Thoughts on MOTUC Rotar and Twistoid

By junior - May 8, 2015

Rotar-Twistoid-featTwo new Masters of the Universe are coming to Comic Con this summer.  Are they the right choices?

MattyCollector revealed their San Diego Comic Con 2015 Masters of the Universe Classics characters.  Rotar and Twistoid finally come spinning into battle, with bonus Emiliano Santalucia-inspired lower legs to give them a fun bonus display option. Once again, budget rears its ugly head, and what we are given could have been better executed. Given the extra pieces are optional, however, that can’t really detract from the fact that the two tops are actually making it into the collection. 2015 is giving us one exciting addition after another, and this is no exception. While only a couple of pictures are present and few details were provided, let’s dissect what we’ve been shown thus far.

First off, I am surprised they were the SDCC 2015 convention exclusives. You would think given the heightened exposure of the event, coupled with Rotar and Twistoid’s D-list status, Mattel would have sent in their big guns He-Man and Skeletor to the show. Seeing as how 2016 could be a jumping on point for people just getting exposed to the property, the main characters front and center would have been a great way to get folks’ eyes on the brand. In my opinion, Flying Fists He-Man and Terror Claws Skeletor would have been more successful choices: both as two toys to check off the 2015 wrap-up, as well as having the name recognition to get curious eyes on Classics, where Mattel can better inform potential new costumers about the 2016 rebranding.

Rotar and Twistoid come packaged with brand-new upper torsos, standard MOTUC articulated arms, and I think a movable neck, too. Each have a colorful over-the-top melee weapon (Rotar’s hatchet/morning star and Twistoid’s scythe) and two sets of lower body pieces to pick from: the vintage top and inventive lower legs. The vintage toys’ torsos were quite broad, so I will comment that the Ram Man buck would have been great to see/use here. What we were given here is great though. It will be really interesting to see if Mattel had the foresight to give San Diego visitors something special as they have done in years past. As something that works in Rotar and Twistoid’s favor, I can see San Diego versions being packaged in their visually-preferred “top” configuration, while MattyCollectors can purchase them in their “humanoid” style in-box after the show. This would be another shrewd move on Mattel’s part, prompting multiple purchases for variant collectors while not catering to show-goers by giving them something unattainable for those unable to attend. This was done with Vykron and Queen Marlena, and had to work with better success than if there were no differences in package.

With everything they come with, a few things were not pictured. Whether they aren’t pictured or they were not included to cover the cost of new tooling and the action feature is anybody’s guess right now. Currently, both characters are missing their top point attachment weapons and top display base. Rotar had his long, horizontal, geared weapon to clash with Twistoid and his dual-axe/buzzsaw device. I do worry that with all the new tooling, this did not make the cut. If the new legs meant they lost their vintage pieces, I will have to lament that the vintage accessories had all they needed to stand on their own, but I won’t borrow trouble. Also, with the variety of legs that have been produced in this line, the ones selected for them was a gross misfire, Twistoid especially. Facebook users have already photoshopped better choices, with the Horde Trooper/Blast-Attak/Mosquitor combo for Twistoid being a particular favorite of mine. It perfectly complements the upper body’s geometric design in a way the Trap jaw legs don’t. Using Trap Jaw legs at this point in the line is both unacceptable and may run the risk of being placed in the parts drawer. The legs are really a bonus and a fun new idea, but this could have been achieved in a more meaningful and creative way. This buck reuse system depends on this to success, so the lack of originality is disappointing to say the least. Also, seeing as how the lower half needs to be swappable, this reinforces the much-requested idea that robots should have been part-swappable by default. This fun (and currently popular) play pattern was really missed here.  I will say though, the legs aren’t particularly essential, and if the saved tooling was redirected to the astounding new pieces we received, then I am happy. Those new Twistoid arms are perfect for a future Artilla action figure. It’s a shame the legs couldn’t follow suit.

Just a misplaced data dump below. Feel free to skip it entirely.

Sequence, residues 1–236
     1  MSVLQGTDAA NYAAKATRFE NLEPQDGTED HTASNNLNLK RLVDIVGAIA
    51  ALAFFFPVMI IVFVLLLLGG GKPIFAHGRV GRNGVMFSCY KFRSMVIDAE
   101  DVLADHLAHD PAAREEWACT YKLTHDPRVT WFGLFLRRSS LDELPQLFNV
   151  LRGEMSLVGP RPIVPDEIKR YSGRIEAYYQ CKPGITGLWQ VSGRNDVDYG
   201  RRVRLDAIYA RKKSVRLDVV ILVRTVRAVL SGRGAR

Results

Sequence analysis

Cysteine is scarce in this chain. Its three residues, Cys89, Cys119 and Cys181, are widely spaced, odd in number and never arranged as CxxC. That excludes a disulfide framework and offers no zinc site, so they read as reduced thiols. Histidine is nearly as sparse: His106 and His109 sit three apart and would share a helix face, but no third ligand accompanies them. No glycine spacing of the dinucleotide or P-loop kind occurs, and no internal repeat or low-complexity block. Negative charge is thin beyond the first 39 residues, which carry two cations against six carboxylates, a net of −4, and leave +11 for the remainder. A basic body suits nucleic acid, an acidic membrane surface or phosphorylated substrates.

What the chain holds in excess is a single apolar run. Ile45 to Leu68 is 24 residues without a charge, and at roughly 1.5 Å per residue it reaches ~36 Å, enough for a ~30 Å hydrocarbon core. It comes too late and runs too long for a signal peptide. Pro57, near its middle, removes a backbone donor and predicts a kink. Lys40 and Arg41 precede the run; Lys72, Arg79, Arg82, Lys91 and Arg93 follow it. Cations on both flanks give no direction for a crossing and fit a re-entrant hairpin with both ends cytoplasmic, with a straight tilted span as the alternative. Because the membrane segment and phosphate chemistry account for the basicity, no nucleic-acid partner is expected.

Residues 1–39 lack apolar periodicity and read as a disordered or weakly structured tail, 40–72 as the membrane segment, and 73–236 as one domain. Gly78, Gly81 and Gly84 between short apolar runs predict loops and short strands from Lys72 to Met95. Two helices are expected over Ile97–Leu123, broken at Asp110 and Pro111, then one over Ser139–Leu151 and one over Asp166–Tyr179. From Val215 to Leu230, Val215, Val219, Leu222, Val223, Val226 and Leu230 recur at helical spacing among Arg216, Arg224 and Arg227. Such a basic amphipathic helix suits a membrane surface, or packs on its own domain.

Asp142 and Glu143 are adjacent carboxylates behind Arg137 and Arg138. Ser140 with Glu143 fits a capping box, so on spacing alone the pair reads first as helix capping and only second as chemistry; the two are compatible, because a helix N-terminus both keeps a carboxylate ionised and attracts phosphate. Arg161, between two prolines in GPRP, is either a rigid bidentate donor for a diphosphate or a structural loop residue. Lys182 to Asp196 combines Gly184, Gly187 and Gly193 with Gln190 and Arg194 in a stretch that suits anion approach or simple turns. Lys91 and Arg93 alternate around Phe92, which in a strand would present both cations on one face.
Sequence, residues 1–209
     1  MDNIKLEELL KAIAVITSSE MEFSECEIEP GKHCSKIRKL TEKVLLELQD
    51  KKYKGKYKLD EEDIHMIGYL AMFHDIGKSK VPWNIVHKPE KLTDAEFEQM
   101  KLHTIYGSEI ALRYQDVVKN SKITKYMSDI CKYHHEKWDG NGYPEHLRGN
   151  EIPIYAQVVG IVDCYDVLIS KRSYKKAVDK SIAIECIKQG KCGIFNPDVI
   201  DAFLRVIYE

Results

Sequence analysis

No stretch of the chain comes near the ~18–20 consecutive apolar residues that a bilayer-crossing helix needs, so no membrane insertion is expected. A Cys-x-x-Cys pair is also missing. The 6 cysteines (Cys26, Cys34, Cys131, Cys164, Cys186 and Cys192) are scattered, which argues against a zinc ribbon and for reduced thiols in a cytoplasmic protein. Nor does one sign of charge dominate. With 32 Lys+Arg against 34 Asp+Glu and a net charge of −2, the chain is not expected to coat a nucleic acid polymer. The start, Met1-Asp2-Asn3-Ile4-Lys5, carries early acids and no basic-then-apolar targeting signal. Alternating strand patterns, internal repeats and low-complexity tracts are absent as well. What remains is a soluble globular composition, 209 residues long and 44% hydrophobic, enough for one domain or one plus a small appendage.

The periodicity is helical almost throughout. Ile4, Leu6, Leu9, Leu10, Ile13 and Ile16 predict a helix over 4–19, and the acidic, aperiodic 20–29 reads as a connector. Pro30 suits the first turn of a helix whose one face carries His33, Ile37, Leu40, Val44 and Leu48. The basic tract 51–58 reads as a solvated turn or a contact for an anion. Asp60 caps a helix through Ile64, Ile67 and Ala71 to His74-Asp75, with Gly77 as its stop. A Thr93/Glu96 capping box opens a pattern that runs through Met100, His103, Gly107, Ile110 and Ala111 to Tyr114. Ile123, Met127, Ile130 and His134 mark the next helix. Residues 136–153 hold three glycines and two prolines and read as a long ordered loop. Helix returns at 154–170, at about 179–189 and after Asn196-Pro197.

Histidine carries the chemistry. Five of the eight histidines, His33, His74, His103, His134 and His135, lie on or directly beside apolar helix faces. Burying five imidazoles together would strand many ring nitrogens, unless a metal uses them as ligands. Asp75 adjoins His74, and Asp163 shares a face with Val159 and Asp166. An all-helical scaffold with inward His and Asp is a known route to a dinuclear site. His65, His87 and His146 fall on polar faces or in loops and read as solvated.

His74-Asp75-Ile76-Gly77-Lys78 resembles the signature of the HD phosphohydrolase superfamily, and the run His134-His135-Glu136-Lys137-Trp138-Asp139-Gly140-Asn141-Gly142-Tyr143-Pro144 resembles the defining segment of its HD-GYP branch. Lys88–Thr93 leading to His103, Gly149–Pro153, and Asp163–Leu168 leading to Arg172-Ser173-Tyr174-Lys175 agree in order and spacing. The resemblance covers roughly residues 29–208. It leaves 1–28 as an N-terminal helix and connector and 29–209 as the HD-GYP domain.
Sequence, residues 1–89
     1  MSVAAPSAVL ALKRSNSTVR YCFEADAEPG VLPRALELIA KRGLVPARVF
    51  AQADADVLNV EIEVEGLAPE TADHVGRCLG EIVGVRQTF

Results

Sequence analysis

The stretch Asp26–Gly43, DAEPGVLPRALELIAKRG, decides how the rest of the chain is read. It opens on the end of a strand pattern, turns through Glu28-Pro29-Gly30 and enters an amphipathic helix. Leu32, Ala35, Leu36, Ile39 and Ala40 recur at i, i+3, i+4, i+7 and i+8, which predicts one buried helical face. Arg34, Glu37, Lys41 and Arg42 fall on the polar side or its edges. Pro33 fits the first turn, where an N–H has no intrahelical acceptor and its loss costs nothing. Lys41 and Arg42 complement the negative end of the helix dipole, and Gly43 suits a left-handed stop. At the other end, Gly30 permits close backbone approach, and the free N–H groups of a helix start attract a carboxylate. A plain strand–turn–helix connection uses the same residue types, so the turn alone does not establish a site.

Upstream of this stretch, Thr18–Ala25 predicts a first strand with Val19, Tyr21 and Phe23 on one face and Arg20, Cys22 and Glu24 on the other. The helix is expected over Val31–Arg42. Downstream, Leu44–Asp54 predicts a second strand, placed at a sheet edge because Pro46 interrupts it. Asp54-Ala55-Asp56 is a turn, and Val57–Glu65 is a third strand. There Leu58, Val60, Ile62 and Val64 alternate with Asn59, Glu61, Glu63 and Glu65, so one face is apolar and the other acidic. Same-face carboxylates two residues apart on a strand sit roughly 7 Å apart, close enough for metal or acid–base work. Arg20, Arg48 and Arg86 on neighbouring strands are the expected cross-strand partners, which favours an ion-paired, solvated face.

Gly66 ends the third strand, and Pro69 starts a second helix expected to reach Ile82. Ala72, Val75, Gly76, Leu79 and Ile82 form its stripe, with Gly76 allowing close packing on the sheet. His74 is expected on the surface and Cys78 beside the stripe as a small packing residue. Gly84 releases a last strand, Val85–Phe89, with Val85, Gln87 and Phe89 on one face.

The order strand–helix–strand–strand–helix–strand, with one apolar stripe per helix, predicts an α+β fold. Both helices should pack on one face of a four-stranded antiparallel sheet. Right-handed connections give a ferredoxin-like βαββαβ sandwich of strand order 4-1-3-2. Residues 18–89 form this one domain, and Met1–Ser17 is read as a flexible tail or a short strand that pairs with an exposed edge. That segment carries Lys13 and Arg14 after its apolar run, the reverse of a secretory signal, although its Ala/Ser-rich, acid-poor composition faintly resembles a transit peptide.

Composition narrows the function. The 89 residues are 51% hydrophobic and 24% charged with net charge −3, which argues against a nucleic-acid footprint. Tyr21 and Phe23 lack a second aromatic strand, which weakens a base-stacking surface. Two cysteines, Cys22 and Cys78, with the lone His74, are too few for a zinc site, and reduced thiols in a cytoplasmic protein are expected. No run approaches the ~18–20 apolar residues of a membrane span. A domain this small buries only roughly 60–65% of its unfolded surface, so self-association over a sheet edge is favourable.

As a fan of the vintage collection, these two characters were nothing more than a novelty, grasping at any boy toy play pattern to maintain relevancy in the 80’s market during its inevitable decline. Along with the Meteorbs, many wondered if Rotar and Twistoid even had a place in the Masters of the Universe Classics collection. With the buck reuse system, many worried how they would even fit or be budgeted into the line. Thanks to the vision of Emiliano Santalucia, Mattel was given a way to make this collection feel just a little more complete. Mattel’s San Diego Comic Con figures have been consistently giving us a reason to rip them out of the box. While everything else stayed packaged in my hotel room, Orko would turn invisible, the Rock Warriors would transform, and Queen Marlena would suit up for action as Captain Glenn. From the looks of it, these two fantastic and fun figures will be no exception.CPG27_003_600px11225965_10153811268064838_294022854_n


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